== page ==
God doesn’t “send” us to Hell.  We choose it, by the way we live our lives.  I don’t know what that final scene looks like, but I have often heard speculation that, to the condemned soul, the possibility of spending eternity beholding the face of the God they rejected is so painful that they themselves, in that moment, choose exclusion from His presence. God didn’t choose it for them.  They did.

I find that oddly comforting.

I have sometimes been amused to find that some of the same people who condemn the “everybody gets a trophy” mentality in youth sports, also subscribe to an “everybody goes to Heaven” theology of the afterlife.  Do we really believe that God is the “everybody gets a trophy”-guy?  That he put us here on this earth with no goal beyond doing whatever we like for the better part of a century or so?  And that, at the end, it makes no difference how we have behaved, or whether we lived his love or not?    That our “reward” is actually meaningless?  That all — good and evil and in-between — are equally rewarded for how we used our time here?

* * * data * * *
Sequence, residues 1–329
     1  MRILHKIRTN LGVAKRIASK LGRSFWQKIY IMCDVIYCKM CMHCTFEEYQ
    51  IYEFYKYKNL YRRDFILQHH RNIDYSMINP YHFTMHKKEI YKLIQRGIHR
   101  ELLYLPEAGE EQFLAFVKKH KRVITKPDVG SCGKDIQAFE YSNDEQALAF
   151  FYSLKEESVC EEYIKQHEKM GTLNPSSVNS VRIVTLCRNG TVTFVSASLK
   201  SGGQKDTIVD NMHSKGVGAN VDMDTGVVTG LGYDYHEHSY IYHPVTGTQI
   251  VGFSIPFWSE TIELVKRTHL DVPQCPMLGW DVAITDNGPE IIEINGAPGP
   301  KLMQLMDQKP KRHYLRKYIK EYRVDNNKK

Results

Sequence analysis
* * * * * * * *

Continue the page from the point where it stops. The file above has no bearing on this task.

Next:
I don’t believe that.  I believe he placed us here with a goal, and that goal is him.  And we either make it or we don’t.

Fortunately, I have it on pretty good authority that Pope Francis believes the same thing.

COMING UP: Nothing about us without us

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The slogan “Nothing about us without us” was used by Solidarity in the 1980s in Poland, borrowing a royal motto from the Polish-Lithuanian Commonwealth in the mid-second millennium. Then, it was expressed in Latin: Nihil de nobis sine nobis. Later, it appeared in Polish on the banners of 19th-century Poles fighting their country’s partition by Russia, Prussia, and Austria: Nic o Nas bez Nas. Today, it’s often used by disability activists asserting their claim to be fully participant in society.

“Nothing about us without us” also applies to the Special Assembly of the Synod of Bishops for the Pan-Amazon Region, which will meet in Rome in October.

That Synod will involve seven bishops’ conferences from nine Latin American countries who will consider their pastoral situation under the theme, “Amazonia: new paths for the Church and for an integral ecology.” As is usually the case in these meetings, the bishops at the Synod will work with materials drafted in Rome. Early indicators from the Synod’s preparatory document suggest that the Amazonian Synod will be longer on environmentalism than on theology. International media attention will doubtless focus on the Synod’s discussion of climate change and its relationship to Amazonian deforestation.

Recent synodal history suggests, however, that more will be afoot at the Amazonian Synod than what its announced theme suggests.